It's Almost Like Being Alive: "Judy Garland in Concert"

Judy Garland in Concert

Presented by Running Subway and EMI Music Publishing; James Sanna, executive producer; John Fricke, creative supervisor; Leah Gelpe, projection designer; Garin Marschall, lighting designer; Dan Gerhard, sound designer; Keith Reamer, video editor; Fred Rosenberg, audio editor; Randy Briggs and Austin Switser, projection programmers; Don Oliver/Chelsea Music Services, Inc., music preparation supervisor; Don Gilmore, technical director; Phyllis Schray, production stage manager; Chris Giordano, producer and director; Doug Katsaros, musical supervisor, new orchestral arrangements, and conductor

The Boston Pops may have set off some rousing fireworks when it brought its 2008 season officially to a close on July 4 at the Hatch Shell on the Charles River Esplanade, but indoors at Symphony Hall on June 28 and 29, the orchestra set off some major virtual sparks when it brought Judy Garland back to life. In a multi-media world premiere tribute that incorporated home movies, photographs, concert footage, and Judy's own narration culled from major television interviews, the Pops accompanied the late great star as she sang nearly 30 of her most famous songs.

Judy's son Joe Luft was on hand to introduce Judy Garland in Concert and reminisce about a 1967 appearance on Boston Common that had 108,000 rabid fans in attendance. Huddled beside his mother in a limousine as it made its way slowly through the crowd, the young Luft feared for their safety, not knowing what to make of the cheering throng. On this 2008 night cheers welcomed him and his mother to Boston again as hundreds of vocal admirers whooped, whistled, and applauded long and loud, just as if Judy were actually in the room.

Guest conductor Doug Katsaros, the musical supervisor and orchestral arranger for Judy Garland in Concert, led the Pops through a 33-year legacy of memorable movie and recorded hits. A parade of torchy ballads including "Come Rain or Come Shine," "The Man That Got Away," and the melancholy "A Cottage for Sale" reminded us of Judy's unique combination of stunning vocal control and emotional vulnerability. A pulsating "After You've Gone" showed the plucky survivor. The jazzy and joyous "Just in Time" followed by the big band swing medley of "Almost Like Being in Love" and "This Can't Be Love" was testament to her tremendous joie de vivre. Her tribute to past vaudeville stars, and her own childhood roots – a medley of "Judy at the Palace," "Shine On, Harvest Moon," "Some of These Days," "My Man" and "I Don't Care" – brought her rich, bluesy interpretations to the forefront.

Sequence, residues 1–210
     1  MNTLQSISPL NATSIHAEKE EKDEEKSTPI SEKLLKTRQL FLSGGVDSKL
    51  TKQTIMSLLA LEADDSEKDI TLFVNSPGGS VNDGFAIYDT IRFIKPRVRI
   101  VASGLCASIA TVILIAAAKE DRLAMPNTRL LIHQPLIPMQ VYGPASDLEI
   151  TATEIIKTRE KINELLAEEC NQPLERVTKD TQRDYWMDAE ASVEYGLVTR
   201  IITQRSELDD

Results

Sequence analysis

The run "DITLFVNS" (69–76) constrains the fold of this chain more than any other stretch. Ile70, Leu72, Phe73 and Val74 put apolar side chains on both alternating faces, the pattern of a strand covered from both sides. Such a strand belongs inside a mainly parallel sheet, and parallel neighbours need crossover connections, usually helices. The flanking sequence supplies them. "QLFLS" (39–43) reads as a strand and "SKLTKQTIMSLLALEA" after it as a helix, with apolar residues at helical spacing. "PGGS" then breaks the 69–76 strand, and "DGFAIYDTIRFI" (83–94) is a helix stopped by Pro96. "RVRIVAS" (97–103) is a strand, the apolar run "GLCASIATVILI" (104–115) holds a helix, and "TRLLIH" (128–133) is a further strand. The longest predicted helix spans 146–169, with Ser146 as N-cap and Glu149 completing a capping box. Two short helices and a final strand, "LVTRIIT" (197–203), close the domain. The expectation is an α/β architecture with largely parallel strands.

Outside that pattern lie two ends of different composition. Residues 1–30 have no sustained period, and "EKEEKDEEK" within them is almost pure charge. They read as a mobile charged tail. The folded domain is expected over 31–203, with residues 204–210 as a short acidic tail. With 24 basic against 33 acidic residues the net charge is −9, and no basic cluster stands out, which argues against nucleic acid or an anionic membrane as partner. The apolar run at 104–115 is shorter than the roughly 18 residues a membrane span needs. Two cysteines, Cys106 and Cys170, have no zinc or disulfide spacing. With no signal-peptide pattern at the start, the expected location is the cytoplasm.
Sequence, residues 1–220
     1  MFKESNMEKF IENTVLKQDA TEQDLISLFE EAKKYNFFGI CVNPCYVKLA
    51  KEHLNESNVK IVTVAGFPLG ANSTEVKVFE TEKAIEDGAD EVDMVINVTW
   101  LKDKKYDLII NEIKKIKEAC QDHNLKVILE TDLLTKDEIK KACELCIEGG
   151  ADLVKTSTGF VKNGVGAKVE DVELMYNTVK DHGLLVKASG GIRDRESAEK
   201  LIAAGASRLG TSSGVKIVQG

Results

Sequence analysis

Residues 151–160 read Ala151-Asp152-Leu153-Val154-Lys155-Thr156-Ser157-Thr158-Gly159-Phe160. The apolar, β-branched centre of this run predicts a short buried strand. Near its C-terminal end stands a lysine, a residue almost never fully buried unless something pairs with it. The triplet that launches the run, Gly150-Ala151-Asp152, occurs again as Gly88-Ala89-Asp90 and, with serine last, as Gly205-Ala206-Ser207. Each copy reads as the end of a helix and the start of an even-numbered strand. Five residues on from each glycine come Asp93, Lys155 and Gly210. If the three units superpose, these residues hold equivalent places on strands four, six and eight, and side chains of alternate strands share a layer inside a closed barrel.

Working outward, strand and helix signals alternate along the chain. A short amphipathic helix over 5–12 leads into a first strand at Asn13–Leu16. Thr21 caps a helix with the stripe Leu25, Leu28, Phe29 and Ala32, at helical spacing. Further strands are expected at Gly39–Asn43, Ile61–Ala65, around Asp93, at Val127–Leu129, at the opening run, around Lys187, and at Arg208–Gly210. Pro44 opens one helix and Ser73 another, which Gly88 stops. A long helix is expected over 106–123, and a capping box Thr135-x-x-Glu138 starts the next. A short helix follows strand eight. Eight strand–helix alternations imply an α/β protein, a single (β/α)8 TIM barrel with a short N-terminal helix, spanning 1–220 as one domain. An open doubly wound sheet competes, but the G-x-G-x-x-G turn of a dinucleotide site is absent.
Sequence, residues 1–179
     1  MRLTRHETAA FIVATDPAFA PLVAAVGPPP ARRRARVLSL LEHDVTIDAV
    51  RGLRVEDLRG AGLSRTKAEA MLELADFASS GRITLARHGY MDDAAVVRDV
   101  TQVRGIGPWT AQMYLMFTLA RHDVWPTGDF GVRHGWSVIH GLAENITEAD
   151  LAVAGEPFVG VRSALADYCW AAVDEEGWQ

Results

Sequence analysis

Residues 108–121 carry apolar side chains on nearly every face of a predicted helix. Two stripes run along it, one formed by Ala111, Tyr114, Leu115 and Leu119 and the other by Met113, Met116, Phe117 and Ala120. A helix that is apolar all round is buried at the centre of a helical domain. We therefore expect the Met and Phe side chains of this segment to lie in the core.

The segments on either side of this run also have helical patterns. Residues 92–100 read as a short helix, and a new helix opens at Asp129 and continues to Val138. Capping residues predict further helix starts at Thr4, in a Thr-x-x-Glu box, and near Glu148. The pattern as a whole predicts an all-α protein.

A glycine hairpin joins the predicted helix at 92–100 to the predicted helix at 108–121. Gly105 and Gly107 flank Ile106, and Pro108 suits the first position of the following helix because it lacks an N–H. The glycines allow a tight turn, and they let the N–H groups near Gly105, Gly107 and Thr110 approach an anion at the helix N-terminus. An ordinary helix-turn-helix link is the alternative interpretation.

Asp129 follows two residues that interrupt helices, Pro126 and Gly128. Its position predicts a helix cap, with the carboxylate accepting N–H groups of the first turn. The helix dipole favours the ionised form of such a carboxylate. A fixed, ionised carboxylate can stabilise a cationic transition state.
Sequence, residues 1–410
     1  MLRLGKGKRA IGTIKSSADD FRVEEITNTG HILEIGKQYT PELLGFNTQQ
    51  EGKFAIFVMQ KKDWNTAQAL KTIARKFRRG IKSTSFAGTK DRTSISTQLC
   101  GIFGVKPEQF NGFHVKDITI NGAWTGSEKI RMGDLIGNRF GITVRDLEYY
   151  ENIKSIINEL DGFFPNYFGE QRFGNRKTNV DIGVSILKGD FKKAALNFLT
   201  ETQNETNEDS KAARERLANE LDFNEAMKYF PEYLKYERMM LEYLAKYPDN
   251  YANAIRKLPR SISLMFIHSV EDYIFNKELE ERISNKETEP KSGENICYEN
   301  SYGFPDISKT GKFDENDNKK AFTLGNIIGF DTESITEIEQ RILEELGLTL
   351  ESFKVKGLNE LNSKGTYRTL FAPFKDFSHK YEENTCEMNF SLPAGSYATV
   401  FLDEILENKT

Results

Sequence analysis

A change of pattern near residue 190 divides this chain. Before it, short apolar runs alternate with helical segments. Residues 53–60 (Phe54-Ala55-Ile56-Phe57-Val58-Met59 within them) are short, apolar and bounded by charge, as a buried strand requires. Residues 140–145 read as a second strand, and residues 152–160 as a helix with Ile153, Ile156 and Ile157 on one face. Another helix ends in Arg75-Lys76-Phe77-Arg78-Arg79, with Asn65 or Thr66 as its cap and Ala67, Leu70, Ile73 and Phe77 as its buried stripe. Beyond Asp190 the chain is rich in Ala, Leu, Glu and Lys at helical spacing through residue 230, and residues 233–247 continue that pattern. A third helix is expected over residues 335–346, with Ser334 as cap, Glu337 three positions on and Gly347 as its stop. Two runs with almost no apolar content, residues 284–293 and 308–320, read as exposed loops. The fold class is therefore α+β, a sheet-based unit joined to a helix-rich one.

Perhaps the most evocative number of the evening was the one that showcased what was reportedly Judy's favorite arrangement – Schwartz and Dietz's "By Myself." Building from a painful sadness to complacent acceptance to a loud and proud determination to go on, Judy turned sorrow into confident optimism. Perhaps it was this interpretation that influenced daughter Liza's inspired take on Kander and Ebb's "Maybe This Time."

Throughout Judy Garland in Concert, the synchronization of the Pops' orchestral accompaniments with Judy's television and concert performances was uncanny. Arrangements alternated between sadness, exuberance, playfulness, and intimacy in perfect harmony with the legendary singer's mercurial expressions. With iconic images projected on a large screen positioned just above the conductor's podium, Judy's eyes penetrated the audience, her voice and vitality raising goose bumps with nearly every song. Her soulful, almost introspective "Over the Rainbow" near the end of the show brought tears to more than one eye.

The creators of Judy Garland in Concert have sequenced the slides, interviews, videos and songs to tell Judy's personal and professional stories in an emotionally powerful but also immensely entertaining way. For those of us who only knew the star from movies and television appearances, this concert enables a whole new generation to enjoy and appreciate her tremendous stage charisma and live performance genius. We also come to understand and empathize with the woman whose early career was controlled by agents and studios and whose later life was plagued by illness and industry-induced prescription drug addiction. Lost to the world at the age of 47, Judy's unrivaled talents and contributions to the American musical canon are immortalized in this stunning and admirable multi-media event.

May Judy Garland in Concert find its way to many more symphony stages around the world. I suspect Carnegie Hall and the London Palladium would love to have her back.

With the regular Symphony Hall season now over, Keith Lockhart and the Boston Pops move to Tanglewood on Tuesday, July 8, for an encore performance of "A Little Night Music in Concert" starring Christine Ebersole, Ron Raines, Bobbie Steinbach and Fellows from the Tanglewood Music Center. On July 26 John Williams returns to the podium to conduct the orchestra in the annual "Film Night at Tanglewood." On August 2 Lockhart and the Pops go on tour to the South Shore Music Circus in Cohasset and on August 3 to the Hyannis Town Green on Cape Cod. For more information and tickets, visit www.bostonpops.org.

 

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From This Author Jan Nargi

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